In the new normal, employees have to face challenges old and new. Chief among them is bad posture, said Betsey Banker, Wellness and Ergonomics Ambassador of Ergotron. Whether at home or at the office, employees often lack ergonomic work stations that support neutral positions when working, explained Banker. Bad home or office furniture leads to bad posture. During the pandemic, people began working from their living room counters or couches, which are not made to support a daily workday with neutral posture. Integrating mobility into the working hours is essential, she explained, and can be easily done by encouraging employees to stand up or stretch. “One study revealed that 6 minutes of light activity was equivalent to 1 minute of intense exercise,” said Baker. Physical activity is associated with positive outcomes on employees’ health and productivity, she added.
Equipment can directly impact employee’s safety, comfort and productivity, according to Banker. She urged companies to improve workspaces at home or at the office through the following measures:
- Create a policy: set to provide adjustable equipment and identify the moments when employers can integrate mobility, which will make employees feel supported.
- Select equipment: choose standing desks and identify the times when employees can integrate movement while still being productive.
- Make an announcement: share the new policy with the employee, so they feel taken care of.
- Provide education so employees feel integrated and empowered to take care of themselves while working.
“To promote and active work style with movement and neutral postures is a great way to prioritize employee safety, comfort and productivity,” said Banker. She used Ergotron's furniture as an example of mobile, ergonomic desks, which can be found here.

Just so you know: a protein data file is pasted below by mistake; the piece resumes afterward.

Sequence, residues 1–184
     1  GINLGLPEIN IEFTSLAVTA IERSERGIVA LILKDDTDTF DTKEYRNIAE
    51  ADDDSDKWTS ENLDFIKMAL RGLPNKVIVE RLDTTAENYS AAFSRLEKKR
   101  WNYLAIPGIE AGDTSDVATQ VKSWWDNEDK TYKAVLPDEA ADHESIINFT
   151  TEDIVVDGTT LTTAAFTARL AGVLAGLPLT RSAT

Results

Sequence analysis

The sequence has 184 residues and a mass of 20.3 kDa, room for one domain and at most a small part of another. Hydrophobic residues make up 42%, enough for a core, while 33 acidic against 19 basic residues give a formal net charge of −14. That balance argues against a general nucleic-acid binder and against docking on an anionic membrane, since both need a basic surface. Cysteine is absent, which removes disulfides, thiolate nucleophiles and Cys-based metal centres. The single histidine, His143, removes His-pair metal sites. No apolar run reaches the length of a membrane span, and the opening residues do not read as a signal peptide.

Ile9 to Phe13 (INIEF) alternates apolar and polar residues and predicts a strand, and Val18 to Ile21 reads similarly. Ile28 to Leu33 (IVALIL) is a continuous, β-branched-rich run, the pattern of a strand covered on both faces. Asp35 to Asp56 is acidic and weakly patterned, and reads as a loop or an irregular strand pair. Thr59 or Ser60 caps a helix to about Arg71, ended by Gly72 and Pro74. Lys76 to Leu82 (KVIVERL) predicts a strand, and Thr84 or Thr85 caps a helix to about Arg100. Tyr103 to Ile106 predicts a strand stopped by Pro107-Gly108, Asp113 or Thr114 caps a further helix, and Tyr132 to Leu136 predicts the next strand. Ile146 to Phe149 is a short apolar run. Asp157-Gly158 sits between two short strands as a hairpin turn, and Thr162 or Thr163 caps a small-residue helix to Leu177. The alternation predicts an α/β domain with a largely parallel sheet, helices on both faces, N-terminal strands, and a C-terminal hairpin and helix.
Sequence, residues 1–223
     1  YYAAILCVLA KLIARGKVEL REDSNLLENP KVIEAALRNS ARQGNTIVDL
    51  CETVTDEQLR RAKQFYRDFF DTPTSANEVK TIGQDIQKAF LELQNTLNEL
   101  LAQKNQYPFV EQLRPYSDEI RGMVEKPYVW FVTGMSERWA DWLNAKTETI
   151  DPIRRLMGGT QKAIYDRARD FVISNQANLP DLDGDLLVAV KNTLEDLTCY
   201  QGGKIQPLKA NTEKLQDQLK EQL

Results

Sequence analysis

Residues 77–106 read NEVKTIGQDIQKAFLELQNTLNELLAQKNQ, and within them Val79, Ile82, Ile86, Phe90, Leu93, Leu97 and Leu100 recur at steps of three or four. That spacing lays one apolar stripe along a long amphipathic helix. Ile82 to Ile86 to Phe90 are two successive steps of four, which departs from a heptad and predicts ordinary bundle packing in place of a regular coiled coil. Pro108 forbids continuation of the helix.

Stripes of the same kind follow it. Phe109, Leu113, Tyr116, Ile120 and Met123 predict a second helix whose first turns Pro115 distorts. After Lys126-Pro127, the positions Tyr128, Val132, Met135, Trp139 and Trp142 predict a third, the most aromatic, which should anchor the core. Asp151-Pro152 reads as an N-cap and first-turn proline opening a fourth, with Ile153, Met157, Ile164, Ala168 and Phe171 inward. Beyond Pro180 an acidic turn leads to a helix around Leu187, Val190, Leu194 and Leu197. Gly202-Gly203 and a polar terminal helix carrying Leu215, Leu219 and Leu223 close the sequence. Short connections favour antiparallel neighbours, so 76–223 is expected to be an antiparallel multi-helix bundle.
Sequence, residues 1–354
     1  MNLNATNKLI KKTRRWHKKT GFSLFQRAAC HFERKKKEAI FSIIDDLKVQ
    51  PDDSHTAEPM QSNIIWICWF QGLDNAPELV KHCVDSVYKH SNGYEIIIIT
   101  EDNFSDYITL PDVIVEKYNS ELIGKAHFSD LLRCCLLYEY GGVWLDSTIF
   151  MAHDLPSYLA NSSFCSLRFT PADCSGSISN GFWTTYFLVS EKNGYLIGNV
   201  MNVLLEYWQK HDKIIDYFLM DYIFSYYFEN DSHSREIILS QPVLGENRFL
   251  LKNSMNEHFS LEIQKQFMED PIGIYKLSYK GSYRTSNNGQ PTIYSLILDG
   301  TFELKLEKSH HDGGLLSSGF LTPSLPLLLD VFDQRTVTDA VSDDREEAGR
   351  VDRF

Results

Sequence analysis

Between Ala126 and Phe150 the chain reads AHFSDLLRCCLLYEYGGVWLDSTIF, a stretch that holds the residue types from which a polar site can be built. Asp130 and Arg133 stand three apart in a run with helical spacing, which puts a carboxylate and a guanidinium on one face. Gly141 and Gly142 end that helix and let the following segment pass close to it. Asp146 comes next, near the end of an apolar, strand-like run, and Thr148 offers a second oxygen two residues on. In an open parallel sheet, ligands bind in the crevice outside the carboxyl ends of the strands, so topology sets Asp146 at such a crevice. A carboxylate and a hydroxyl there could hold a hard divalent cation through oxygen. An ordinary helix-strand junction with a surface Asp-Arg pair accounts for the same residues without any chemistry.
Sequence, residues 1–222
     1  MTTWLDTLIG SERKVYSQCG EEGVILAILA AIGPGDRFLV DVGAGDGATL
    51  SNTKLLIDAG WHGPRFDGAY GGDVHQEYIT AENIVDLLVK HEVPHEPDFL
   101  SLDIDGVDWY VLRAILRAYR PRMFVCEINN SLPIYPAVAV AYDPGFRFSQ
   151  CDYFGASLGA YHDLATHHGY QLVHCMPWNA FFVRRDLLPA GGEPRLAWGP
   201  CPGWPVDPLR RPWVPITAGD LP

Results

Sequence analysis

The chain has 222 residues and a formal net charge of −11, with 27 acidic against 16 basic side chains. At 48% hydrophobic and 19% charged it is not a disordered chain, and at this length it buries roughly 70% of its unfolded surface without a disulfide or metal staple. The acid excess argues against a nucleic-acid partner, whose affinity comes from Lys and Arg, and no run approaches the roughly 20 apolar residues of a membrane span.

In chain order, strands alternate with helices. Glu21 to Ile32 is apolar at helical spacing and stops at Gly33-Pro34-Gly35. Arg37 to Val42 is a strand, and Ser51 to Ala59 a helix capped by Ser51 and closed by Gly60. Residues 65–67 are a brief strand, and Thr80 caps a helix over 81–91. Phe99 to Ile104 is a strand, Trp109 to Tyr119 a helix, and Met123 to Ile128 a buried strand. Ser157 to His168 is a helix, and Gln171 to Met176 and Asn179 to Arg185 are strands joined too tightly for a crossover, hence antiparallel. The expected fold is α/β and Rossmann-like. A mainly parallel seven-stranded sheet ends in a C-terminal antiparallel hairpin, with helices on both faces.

Companies have a responsibility to monitor the physical and mental health of their collaborators. Due to the pandemic, the Ministry of Labor and Social Welfare had to impose clear working conditions for employer and employees operating under a remote or presential modality. “NOM-035 regulated the psychosocial risks at work spaces to avoid mental traumas or that can damage employee development and general behaviors in life,” said Cointa Lagunes, Director of Standardization in Occupational Health and Safety of the Ministry of Labor and Social Welfare.
By ensuring a mental and physical safe space for workers “we are taking care of their future health outcomes related to stress or anxiety,” said Lagunes. The Labor Law also veils for the ergonomic risks of the collaborator to prevent “the negative impacts in their musculoskeletal apparatus caused by bad posture, lack of mobility or abrupt mobility,” said Lagunes.
Investment to avoid health complications in employees almost immediately pays off, said Banker. “A study found that people experiencing daily back pain reported a significant improvement when then began using standing desks. By the end of the study, people reported pain-free days,” she added.
In the new normal, companies should trust and empower their employees. “We do not need to be next to employees to make sure they work. We must provide training to be able to function in this new environment,” said Rivera. Companies, however, have little time to prepare to meet the requirements of the new normal. “On August this year, the NOM to regulate home office will be formally published, which will grant 18 months for companies to align with it,” said Lagunes.